We just finished the fourth one week course on Transforming Nutrition.  We had 25 fantastic participants and the three course convenors (me, Purnima Menon and Nick Nisbett) shared with a series of presentations and discussions on the causes and consequences of malnutrition and the actions to overcome it. The course is based on the best evidence and helps participants think about strategies to overcome malnutrition in their contexts.  We had great faculty to help us out: Stuart Gillespie, Richard Longhurst, Mdu Mbuya, Namukolo Covic, Jodie Harris, Inka Barnett, Dolf te Lintelo and guest presentations from Corinna Hawkes, Emily Mates (ENN), Jessie White and Susan Elden (DFID), with fabulous after dinner speeches from Richard Jolly and Simon Maxwell.

Some reflections

1.  The cohorts coming through are getting more assured, confident and demanding about nutrition and what they want out of the course.  In the first year or two participants were more tentative about what they could achieve in nutrition in their context, now the sense I get is that they know exactly what to do and they want advice on how to strategise about that and make it happen.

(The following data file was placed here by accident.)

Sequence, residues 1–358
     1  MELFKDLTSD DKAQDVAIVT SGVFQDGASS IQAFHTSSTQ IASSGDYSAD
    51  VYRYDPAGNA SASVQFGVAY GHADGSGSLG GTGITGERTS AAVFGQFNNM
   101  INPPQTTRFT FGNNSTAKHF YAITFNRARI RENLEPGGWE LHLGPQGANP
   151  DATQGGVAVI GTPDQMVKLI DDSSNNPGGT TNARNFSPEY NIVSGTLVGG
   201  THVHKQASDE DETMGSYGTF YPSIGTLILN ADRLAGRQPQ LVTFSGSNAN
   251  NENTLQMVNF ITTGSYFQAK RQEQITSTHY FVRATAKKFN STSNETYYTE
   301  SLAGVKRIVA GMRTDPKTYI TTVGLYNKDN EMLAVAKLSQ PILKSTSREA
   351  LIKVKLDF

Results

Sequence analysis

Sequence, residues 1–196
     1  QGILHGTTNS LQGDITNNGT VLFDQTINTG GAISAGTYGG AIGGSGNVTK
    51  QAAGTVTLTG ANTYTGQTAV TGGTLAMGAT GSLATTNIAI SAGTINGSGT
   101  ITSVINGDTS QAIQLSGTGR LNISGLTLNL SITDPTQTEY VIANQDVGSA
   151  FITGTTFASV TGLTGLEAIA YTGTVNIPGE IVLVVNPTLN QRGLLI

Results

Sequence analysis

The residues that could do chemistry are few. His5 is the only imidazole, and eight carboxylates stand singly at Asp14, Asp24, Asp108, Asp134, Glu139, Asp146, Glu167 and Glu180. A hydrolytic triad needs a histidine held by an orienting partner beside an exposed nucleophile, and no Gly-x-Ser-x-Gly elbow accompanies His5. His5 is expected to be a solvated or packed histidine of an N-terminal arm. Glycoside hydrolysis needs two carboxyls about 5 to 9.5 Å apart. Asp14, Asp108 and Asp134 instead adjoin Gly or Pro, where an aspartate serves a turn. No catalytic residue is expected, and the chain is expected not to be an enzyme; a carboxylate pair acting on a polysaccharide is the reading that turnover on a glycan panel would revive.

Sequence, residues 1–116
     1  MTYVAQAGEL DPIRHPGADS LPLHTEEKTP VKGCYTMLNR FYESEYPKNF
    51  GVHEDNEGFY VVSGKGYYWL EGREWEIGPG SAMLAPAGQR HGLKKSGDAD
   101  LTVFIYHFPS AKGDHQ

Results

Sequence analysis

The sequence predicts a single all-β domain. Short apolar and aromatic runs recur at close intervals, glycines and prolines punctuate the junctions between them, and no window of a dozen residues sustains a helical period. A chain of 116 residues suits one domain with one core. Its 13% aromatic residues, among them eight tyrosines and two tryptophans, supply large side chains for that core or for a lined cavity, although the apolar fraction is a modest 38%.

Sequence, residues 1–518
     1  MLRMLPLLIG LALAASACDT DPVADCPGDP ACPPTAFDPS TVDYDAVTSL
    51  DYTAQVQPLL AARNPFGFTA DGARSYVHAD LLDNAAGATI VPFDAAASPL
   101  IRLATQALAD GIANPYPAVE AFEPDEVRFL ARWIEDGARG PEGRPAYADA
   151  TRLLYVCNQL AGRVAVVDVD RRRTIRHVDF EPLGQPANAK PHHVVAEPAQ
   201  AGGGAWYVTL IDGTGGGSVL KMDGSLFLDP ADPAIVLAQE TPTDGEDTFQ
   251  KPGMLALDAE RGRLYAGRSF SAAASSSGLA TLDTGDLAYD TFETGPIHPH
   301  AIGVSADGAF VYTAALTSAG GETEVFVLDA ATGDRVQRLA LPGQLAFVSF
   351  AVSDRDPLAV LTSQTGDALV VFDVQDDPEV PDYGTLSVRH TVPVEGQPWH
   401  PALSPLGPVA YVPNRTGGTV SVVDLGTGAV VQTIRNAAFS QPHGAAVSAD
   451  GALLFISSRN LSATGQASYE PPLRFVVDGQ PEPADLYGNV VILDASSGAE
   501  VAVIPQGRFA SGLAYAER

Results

2. The cohorts are getting more and more dominated by country leaders from government, UN agencies based in country and civil society.  There were about 5 participants from development partners, and they provided a valuable perspective, but the 20 country based participants ran the show, and it was refreshing. 

3. We talked about overweight, obesity and nutrition related chronic diseases more than ever before.  This probably reflects the presenters growing knowledge on the issues, but the discussions and questions were very focused on how to sequence action on undernutrition on top of all the other malnutrition issues manifesting themselves.  These two worlds are slowly converging, and that is a good thing. 

4. The group presentations at the end of the week were simply amazing.  The Nigeria team was large, determined, and impressive.  The Tanzania team was small in numbers but very thoughtful.  The Mozambique and Bangladesh teams innovated in their group presentations, using role play and film to communicate their problem, what they would do to overcome it and who they would influence to make it happen.  The calibre of all participants was exceptional. I was struggling to keep up at times.